Australians commemorate 70 years since the end of the WWII

(Photo by Chris Hyde/Getty Images)

Australians are turning out in numbers to ceremonies across the nation to commemorate the 70th anniversary of Victory in the Pacific.

VP Day marks Japan’s surrender and the Allied victory in the Pacific but more importantly, signals the end of the WWII on August 15, 1945.

Over one million Australian contributed to the war effort, with another 500,000 serving overseas.

But while Australians were commemorated today for their “sacrifice, bravery, comradeship and all those qualities that define us as Australians”, it was also period of deep remorse.

Almost 40,000 Australians died, 30,000 suffered as prisoners of war, and another 100,000 were wounded in combat.

“Born in the aftermath of the war that was, growing up through the Great Depression and coming to adulthood under the shadows of the war that was coming, they mobilised to defend our nation, its values and vital interests,” said Australian War Memorial director Brendan Nelson.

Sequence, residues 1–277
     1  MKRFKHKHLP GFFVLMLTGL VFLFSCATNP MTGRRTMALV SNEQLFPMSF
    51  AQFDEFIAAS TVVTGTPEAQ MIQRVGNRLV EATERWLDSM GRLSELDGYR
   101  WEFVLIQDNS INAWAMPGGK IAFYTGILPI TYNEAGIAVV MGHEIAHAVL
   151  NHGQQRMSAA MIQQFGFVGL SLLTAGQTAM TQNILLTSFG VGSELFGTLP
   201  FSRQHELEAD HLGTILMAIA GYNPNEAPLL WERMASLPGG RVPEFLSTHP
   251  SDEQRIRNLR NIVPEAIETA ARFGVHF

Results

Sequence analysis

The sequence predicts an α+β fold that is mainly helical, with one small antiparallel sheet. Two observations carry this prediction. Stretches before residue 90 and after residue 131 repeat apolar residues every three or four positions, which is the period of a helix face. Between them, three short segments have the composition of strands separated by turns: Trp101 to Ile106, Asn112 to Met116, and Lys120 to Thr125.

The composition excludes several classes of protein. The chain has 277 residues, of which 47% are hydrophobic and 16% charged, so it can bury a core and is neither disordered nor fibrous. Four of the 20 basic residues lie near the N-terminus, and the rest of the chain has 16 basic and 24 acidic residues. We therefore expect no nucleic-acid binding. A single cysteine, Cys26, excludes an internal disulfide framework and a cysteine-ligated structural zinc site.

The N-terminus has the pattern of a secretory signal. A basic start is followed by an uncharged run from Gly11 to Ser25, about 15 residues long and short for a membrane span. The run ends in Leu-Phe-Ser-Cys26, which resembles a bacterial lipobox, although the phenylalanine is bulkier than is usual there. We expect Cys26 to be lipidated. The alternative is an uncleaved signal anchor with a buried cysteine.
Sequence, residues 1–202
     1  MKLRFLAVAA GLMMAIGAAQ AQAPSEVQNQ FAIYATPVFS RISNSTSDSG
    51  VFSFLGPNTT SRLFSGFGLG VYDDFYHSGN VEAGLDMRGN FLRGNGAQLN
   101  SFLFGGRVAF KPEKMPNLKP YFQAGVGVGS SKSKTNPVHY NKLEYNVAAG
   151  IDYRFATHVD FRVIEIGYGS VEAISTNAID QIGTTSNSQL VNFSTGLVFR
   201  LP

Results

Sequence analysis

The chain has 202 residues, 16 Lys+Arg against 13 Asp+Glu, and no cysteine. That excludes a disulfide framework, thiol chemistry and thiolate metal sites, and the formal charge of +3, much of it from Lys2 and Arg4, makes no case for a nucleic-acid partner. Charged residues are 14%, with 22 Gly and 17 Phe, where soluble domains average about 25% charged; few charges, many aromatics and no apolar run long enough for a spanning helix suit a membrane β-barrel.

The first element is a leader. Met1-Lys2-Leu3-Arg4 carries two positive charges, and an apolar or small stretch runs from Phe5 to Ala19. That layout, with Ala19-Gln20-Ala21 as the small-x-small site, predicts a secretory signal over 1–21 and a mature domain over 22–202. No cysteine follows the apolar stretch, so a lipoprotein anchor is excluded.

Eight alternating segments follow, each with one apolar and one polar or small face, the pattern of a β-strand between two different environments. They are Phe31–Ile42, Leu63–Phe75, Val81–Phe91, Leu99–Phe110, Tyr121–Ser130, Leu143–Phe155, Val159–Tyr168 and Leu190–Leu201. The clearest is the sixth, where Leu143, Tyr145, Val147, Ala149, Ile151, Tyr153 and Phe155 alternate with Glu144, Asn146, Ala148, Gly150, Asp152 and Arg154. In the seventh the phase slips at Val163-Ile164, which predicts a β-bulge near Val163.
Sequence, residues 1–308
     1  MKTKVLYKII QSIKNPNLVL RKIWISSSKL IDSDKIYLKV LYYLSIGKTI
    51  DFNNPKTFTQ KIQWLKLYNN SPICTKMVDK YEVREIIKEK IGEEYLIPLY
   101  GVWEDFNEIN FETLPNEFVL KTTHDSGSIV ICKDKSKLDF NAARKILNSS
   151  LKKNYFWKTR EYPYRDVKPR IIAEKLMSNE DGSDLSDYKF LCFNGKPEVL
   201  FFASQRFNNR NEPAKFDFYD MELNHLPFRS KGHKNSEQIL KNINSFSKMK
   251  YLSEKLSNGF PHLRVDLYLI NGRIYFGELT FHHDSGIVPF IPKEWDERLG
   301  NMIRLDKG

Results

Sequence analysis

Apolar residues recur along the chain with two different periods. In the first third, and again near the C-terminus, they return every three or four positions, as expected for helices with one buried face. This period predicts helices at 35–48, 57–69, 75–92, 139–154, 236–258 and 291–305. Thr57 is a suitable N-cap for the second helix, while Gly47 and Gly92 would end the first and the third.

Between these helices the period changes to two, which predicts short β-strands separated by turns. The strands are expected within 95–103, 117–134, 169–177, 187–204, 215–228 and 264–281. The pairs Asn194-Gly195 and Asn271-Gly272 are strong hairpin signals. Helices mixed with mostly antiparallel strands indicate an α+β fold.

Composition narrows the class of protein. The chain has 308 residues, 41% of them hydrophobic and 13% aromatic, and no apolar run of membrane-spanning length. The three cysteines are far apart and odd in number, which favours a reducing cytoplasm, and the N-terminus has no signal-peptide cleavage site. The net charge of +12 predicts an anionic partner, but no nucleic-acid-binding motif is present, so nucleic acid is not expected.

“Their Australia is one to which we should recommit ourselves, an Australia that enshrines principle above position and values before value.”

Nelson’s comments came shortly after Japanese Prime Minister Shinzo Abe expressed his regret over Japanese wartime aggression during WWII.

“Japan has repeatedly expressed feelings of deep remorse and heartfelt apology for its actions during the war … we have consistently devoted ourselves to the peace and prosperity of the region since the end of the war,” said Abe.

While Abe acknowledged the “unbearable sufferings caused by the Japanese military”, he added that future generations of the pacifist country who have nothing to do with that war should not “be predestined to apologise”.

Prime Minister Tony Abbott also gave his salute to those who had supported the war effort today during the commemorative service in Adelaide which saw over 700 people.

“I salute all of you who won the war and built the peace — every other one of us are your beneficiaries,” he said.

“On VP Day, as soon as victory was announced, Australians quite literally dropped everything and spontaneously flocked into the streets. Church bells peeled, flags waived, bonfires blazed and a party began.

“So today, in awe and in gratitude, we honour a generation of Australians who helped turn the tide of history.

“You fought in the air and on the sea, in the jungle and in the desert. You fought to defend our country against fascism, Nazism and militarism.

“You fought against evils that sought to destroy human decency and you fought to build a lasting peace.”

The Queen is expected to lead commemorations for the VP Day ceremony in London.

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